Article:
While railroads have been “deregulated” since the Staggers Act of 1980, mild government oversight does remain to protect public and shipper interests, overseen by the Surface Transportation Board (successor to the hated Interstate Commerce Commission that existed until 1996).
Railroads are required to submit mergers for STB review. Any transaction is expected to demonstrate public benefit (a relatively low hurdle).
A merger of two class 1 railroads (CSX, NS, CP, CN, UP, BNSF, KCS) is considered a major transaction. Mergers of shortlines or regional railroads (including acquisition by a class 1) are normally considered minor transactions but can be upgraded to “significant” or a major transaction if significant public interest questions are involved. Major transactions have a larger burden of showing public benefit and longer process (more lawyer fees . . . ). Certain transactions are considered “Exempt.”
The STB goal is to preserve competition and prevent railroad from using market power to abuse shippers.
The STB can impose conditions on approval of a merger to ensure competition and protect labor or the environment. In the past, other railroads have sought expanded rights to new traffic through conditions, but more often than not, they are not granted. The STB almost always approves minor and significant mergers (with some conditions) but major transactions have been rejected.
Railroads often negotiate with potential opposition ahead of time as well as lining up support so a merger application can be filed with as little controversy as possible.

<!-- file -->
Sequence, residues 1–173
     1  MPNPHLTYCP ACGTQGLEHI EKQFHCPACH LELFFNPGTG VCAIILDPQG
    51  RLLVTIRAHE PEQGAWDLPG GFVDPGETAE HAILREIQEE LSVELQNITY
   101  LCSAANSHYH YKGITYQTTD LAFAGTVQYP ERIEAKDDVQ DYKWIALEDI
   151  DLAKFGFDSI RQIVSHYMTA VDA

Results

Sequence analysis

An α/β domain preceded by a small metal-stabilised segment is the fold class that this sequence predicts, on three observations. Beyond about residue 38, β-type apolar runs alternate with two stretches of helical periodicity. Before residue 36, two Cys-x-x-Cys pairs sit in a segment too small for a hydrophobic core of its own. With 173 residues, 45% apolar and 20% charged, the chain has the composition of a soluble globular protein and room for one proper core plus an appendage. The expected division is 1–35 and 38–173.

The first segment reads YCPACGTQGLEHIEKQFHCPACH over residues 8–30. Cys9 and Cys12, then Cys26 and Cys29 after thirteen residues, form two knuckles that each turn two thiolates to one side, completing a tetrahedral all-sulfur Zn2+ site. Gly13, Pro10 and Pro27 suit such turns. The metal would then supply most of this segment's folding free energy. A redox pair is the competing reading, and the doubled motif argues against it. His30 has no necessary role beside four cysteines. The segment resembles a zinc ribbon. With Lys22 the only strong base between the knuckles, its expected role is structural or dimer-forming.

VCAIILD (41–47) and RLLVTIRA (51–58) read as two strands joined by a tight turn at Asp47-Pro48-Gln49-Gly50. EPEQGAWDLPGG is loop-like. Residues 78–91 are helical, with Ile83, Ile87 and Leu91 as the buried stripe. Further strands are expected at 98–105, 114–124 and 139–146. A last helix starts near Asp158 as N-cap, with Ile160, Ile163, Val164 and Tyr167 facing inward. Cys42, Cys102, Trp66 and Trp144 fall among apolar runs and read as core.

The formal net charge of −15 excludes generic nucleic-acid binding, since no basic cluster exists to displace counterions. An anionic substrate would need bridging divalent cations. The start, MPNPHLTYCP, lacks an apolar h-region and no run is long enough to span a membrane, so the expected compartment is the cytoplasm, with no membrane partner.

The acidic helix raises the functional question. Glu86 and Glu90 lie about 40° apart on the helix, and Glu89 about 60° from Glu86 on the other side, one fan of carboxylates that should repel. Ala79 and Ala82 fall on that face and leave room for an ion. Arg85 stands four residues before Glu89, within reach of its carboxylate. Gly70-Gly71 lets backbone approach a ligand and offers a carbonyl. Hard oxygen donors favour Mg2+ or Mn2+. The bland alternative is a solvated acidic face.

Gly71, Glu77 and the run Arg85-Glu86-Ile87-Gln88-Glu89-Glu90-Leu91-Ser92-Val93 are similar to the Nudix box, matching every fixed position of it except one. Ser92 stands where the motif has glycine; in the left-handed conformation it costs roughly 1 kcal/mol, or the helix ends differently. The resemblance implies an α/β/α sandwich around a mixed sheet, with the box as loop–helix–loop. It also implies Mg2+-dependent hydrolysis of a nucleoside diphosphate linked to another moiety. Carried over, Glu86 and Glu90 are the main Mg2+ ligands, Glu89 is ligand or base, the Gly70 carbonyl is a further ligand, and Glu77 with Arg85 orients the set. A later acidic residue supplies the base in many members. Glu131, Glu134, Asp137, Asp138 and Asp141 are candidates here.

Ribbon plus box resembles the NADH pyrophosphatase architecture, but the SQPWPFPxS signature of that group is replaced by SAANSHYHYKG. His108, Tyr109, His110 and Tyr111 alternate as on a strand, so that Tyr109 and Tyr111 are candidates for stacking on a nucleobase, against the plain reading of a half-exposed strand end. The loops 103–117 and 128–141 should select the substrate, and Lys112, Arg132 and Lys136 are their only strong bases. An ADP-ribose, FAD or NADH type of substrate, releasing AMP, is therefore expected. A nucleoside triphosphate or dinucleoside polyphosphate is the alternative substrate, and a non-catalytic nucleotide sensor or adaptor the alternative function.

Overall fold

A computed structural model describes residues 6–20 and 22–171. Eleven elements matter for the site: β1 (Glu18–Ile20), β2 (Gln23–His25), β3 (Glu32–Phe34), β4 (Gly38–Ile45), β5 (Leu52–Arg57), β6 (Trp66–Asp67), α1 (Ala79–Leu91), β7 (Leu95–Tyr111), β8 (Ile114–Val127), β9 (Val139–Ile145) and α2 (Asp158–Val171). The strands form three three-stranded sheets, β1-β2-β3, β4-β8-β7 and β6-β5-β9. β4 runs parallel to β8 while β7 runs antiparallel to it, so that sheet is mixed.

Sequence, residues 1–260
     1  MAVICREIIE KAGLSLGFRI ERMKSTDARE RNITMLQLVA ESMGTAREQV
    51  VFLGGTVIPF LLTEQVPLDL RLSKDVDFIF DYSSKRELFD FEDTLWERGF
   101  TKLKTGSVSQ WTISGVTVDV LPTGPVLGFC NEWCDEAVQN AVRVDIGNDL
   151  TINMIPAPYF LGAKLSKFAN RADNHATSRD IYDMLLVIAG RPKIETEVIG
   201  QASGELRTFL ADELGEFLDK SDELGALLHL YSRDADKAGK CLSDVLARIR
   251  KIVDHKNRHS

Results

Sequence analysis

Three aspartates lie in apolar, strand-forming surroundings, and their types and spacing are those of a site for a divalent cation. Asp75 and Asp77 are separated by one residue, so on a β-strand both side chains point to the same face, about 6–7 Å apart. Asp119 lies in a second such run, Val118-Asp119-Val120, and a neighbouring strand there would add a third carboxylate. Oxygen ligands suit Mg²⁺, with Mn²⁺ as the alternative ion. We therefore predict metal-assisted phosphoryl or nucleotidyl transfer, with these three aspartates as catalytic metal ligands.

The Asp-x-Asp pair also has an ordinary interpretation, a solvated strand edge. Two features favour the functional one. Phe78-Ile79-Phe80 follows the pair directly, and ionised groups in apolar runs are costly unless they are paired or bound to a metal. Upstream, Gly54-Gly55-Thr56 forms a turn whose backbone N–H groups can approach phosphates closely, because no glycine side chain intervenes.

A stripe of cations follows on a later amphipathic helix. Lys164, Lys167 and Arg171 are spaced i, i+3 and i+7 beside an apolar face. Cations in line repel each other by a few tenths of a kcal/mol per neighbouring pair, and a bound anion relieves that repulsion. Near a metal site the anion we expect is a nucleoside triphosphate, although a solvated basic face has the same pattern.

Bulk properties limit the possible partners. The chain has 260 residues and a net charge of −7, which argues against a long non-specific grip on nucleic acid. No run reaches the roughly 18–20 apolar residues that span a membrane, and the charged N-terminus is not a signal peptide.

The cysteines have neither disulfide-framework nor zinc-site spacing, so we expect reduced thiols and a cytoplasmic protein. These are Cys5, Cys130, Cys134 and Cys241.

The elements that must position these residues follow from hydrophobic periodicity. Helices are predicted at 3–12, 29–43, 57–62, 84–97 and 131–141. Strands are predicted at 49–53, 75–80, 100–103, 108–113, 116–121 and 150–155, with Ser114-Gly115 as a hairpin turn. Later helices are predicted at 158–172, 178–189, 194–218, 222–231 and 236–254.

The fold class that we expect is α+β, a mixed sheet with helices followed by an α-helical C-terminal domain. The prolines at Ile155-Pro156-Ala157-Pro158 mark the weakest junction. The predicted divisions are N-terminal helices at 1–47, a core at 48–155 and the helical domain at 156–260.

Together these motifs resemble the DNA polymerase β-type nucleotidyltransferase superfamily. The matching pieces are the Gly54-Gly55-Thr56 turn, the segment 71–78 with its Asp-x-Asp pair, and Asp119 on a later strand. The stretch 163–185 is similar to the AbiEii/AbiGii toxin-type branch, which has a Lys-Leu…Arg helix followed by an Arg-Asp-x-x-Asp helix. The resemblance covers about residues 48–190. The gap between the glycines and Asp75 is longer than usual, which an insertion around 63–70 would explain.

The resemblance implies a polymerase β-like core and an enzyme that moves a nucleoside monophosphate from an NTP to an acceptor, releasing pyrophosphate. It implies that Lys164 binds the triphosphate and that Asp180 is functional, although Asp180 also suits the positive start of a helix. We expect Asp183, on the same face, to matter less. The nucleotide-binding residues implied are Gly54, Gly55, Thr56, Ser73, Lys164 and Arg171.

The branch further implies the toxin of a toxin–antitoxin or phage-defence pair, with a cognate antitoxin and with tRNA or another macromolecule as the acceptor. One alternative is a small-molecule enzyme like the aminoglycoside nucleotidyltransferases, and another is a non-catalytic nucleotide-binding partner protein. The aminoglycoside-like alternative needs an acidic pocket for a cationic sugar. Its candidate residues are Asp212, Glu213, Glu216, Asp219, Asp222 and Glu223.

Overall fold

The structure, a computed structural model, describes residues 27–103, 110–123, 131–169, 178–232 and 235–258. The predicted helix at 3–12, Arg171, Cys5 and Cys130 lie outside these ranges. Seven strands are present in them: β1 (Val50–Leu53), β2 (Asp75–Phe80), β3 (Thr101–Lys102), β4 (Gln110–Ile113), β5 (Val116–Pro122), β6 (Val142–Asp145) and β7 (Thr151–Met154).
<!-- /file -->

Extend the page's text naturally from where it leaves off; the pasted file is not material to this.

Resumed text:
The process for STB consideration of a merger is:
- Applicants in major and significant transactions submit a pre-filing notification describing the transaction and the information included in the application.
- STB establishes a schedule allowing interested parties to comment and to request conditions or otherwise protect their interests. Major transactions get 1 year; Significant transactions get 180 days; minor transactions get 105 days.
- Final decisions are issued 45-90 days after comment periods.
The STB is required by statute to approve significant and minor transactions unless it finds both that the transaction is likely to cause substantial lessening of competition and that the anti competitive effects of the transaction outweigh the public interest in efficient transportation which the merger supposedly furthers.
Major transactions may only be approved if the STB finds the transaction is ‘consistent with the public interest’. The STB does not favor class 1 mergers that reduce shipper options (basically all large mergers) and none have occurred in two decades.
The STB does not consider foreign ownership of a railroad in merger approval, but if a foreign entity were to control a US railroad it would trigger review by The Committee on Foreign Investment in the United States
STB approval is required not only for mergers but to be a railroad operator in any way (industrial switching operations are exempted). The STB regulates line sales and new railroads and abandonments.